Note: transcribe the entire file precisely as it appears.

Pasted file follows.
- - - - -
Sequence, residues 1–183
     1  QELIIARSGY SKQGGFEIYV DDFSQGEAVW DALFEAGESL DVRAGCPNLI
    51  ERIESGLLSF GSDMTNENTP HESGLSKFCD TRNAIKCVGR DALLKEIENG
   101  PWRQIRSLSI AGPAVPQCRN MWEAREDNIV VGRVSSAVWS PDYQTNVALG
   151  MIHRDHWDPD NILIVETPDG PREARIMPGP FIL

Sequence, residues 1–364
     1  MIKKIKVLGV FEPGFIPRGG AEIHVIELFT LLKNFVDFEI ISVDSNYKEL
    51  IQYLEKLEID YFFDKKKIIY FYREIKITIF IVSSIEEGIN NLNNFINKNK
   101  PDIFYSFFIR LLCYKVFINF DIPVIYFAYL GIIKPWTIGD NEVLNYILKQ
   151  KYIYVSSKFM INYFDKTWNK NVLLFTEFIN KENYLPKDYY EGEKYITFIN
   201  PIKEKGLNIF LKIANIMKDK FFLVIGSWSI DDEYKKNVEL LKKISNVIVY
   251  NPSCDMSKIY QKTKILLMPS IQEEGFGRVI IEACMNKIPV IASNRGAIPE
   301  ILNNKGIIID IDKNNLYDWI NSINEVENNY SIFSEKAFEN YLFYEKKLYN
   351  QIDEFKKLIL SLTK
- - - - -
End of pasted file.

Sequence, residues 1–183
     1  QELIIARSGY SKQGGFEIYV DDFSQGEAVW DALFEAGESL DVRAGCPNLI
    51  ERIESGLLSF GSDMTNENTP HESGLSKFCD TRNAIKCVGR DALLKEIENG
   101  PWRQIRSLSI AGPAVPQCRN MWEAREDNIV VGRVSSAVWS PDYQTNVALG
   151  MIHRDHWDPD NILIVETPDG PREARIMPGP FIL

Sequence, residues 1–364
     1  MIKKIKVLGV FEPGFIPRGG AEIHVIELFT LLKNFVDFEI ISVDSNYKEL
    51  IQYLEKLEID YFFDKKKIIY FYREIKITIF IVSSIEEGIN NLNNFINKNK
   101  PDIFYSFFIR LLCYKVFINF DIPVIYFAYL GIIKPWTIGD NEVLNYILKQ
   151  KYIYVSSKFM INYFDKTWNK NVLLFTEFIN KENYLPKDYY EGEKYITFIN
   201  PIKEKGLNIF LKIANIMKDK FFLVIGSWSI DDEYKKNVEL LKKISNVIVY
   251  NPSCDMSKIY QKTKILLMPS IQEEGFGRVI IEACMNKIPV IASNRGAIPE
   301  ILNNKGIIID IDKNNLYDWI NSINEVENNY SIFSEKAFEN YLFYEKKLYN
   351  QIDEFKKLIL SLTK